| Creative Educator
Students explore symbols in the world around them and create a flag that represents the characteristics and values of their family.
You have been learning about how the symbols for a country represent its history and values. Now it’s your turn to apply what you have learned to fashion a flag that represents your family.
A symbol is a picture or object that represents something else, like an idea. They are used to communicate ideas quickly and often have deeper meaning. Have a class discussion about symbols students remember from the United States and what they mean.
Ask students if they can think of any other symbols from the world around them. Remind students about holidays like St. Patrick’s Day, Halloween, or Thanksgiving to spark ideas about images and symbols connected to those events.
You may also want to talk about the colors found in many country flags, such as the red, white, and blue (liberty, equality, fraternity) in French tricorne and other Western flags or the red, black, and green (common blood, people, and land) in many African flags.
Let students know they will be designing a flag with colors and symbols to represent their family. Have students begin by identifying things they feel represent their family and it’s values. Have students use a cluster diagram, like this template from Wixie, to collect their thinking. If students have had experience using a cluster diagram, share an example of a character traits cluster that describes a character in a recent book you have read in class.
Have students share their cluster diagram with families (the people they live with at home or see regularly) in print or digital form. Ask students to have family members help them add notes and ideas after discussing their family together.
Once they have identified words that describe traits and values, the next step is for students to choose which colors and symbols they will use on their family flag.
Color has meaning, but this varies from culture to culture. For example, red is often used for danger and caution, but it symbolizes happiness in China, and mourning in South Africa. Rather than telling your students what colors mean, ask students to tell you what colors mean for them. Collect their responses on your whiteboard or work together to create an anchor chart they can refer to as they are working.
Have students design their flag using a tool like Wixie that allows them to combine painted artwork and clip art images. This makes it easy to get done quickly.
To make evaluating their thinking easier, have students record an explanation of their design choices, sharing the reasons they choose certain colors and symbols.
Print each student’s flag and have them present their design to the class, explaining how the symbols and colors represent things about their family and the things that are important to it.
Create a gallery in your classroom to showcase student flags and host a family night to celebrate all the different ways families are unique. Have students explain their designs to their parents. Since each Wixie project has a unique URL, you could also put up QR codes next to printed flags, so parents can visit the actual project and HEAR the description, much like a museum audio tour.
Use the contents of each student's cluster organizer to have specific conversations with each learner about their choices for colors and symbols that represent their family. You can use the final flag, as well as the audio recording about it, as a summative assessment. This is not an exercise in a showing a single right answer but being able to explain the purpose behind color and symbol choices.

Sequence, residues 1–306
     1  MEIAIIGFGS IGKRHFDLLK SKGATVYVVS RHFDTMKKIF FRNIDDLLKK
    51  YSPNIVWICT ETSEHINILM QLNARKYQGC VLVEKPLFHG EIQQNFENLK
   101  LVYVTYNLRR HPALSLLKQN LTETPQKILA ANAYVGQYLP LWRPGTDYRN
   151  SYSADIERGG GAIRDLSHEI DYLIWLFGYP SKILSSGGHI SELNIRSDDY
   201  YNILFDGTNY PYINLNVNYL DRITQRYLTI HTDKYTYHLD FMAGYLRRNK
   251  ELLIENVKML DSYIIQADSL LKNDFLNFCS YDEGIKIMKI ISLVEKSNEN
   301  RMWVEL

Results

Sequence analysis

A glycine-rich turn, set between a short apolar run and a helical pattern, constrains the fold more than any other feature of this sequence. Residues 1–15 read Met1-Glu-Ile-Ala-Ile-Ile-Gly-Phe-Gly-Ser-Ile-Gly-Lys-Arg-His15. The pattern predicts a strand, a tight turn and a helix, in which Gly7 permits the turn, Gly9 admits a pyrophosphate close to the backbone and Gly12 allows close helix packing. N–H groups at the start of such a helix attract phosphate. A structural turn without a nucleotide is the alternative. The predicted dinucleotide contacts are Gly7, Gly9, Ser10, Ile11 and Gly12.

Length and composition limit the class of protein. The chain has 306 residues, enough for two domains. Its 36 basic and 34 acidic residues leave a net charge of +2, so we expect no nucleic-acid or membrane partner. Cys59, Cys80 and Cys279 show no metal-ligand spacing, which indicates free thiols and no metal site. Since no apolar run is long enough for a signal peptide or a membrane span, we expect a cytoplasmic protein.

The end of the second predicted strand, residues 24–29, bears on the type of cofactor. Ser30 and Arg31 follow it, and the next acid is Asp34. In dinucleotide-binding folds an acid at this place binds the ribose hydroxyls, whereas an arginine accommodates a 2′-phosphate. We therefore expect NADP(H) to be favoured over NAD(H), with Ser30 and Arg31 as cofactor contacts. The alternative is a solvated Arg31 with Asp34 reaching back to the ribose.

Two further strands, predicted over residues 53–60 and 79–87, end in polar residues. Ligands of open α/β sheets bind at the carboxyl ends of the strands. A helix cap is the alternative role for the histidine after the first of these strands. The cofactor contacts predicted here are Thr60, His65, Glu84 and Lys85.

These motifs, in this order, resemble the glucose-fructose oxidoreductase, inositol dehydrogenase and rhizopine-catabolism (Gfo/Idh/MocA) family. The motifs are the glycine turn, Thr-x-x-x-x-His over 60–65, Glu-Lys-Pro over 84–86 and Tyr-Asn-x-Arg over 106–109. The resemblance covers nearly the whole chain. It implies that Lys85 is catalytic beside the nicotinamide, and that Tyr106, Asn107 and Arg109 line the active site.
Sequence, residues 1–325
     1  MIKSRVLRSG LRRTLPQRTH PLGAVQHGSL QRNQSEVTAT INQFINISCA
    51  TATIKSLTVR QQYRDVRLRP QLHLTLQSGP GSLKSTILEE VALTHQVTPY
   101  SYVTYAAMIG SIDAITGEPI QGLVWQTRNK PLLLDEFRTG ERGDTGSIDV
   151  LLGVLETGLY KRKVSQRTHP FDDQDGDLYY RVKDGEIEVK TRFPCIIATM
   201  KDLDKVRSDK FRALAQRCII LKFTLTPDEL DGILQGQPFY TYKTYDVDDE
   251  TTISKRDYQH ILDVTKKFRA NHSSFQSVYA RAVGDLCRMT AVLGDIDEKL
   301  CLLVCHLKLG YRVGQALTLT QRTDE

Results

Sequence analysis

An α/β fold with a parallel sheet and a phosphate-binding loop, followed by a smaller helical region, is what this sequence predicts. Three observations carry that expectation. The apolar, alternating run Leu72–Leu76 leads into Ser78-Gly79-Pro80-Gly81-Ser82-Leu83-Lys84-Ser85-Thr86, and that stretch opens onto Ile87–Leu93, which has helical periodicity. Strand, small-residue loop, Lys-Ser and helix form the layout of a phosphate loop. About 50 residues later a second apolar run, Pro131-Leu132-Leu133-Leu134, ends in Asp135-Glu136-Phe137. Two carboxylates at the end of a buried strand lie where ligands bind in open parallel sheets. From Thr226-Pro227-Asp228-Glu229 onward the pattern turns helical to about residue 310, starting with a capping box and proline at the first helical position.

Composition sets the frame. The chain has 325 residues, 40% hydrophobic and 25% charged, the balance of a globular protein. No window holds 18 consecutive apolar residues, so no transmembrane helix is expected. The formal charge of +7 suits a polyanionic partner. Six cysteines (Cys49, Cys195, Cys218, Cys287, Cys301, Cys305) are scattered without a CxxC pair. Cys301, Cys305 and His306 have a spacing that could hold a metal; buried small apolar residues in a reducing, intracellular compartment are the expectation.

Melissa Ann Ferguson. American Symbols: What You Need to Know ISBN: 1515781275
Norman Pearl. The Great Seal of the United States ISBN: 1404822208
Library of Congress - Symbols of the United States
Infographic - Colors Around the World
With prompting and support, describe the relationship between illustrations and the text in which they appear (e.g., what person, place, thing, or idea in the text an illustration depicts).
Distinguish between information provided by pictures or other illustrations and information provided by the words in a text.
3. Knowledge Constructor
Students critically curate a variety of resources using digital tools to construct knowledge, produce creative artifacts and make meaningful learning experiences for themselves and others. Students:
b. evaluate the accuracy, perspective, credibility and relevance of information, media, data or other resources.
c. curate information from digital resources using a variety of tools and methods to create collections of artifacts that demonstrate meaningful connections or conclusions.
6. Creative Communicator
Students communicate clearly and express themselves creatively for a variety of purposes using the platforms, tools, styles, formats and digital media appropriate to their goals. Students:
a. choose the appropriate platforms and tools for meeting the desired objectives of their creation or communication.
b. create original works or responsibly repurpose or remix digital resources into new creations.
d. publish or present content that customizes the message and medium for their intended audiences.
Ideas for engaging elementary students in science as they explore the curriculum through creative projects.
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What can your students create?
Share your ideas, imagination, and understanding through writing, art, voice, and video.
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Write, record, and illustrate a sentence.
Interactive digital worksheets for grades K-8 to use in Brightspace or Canvas.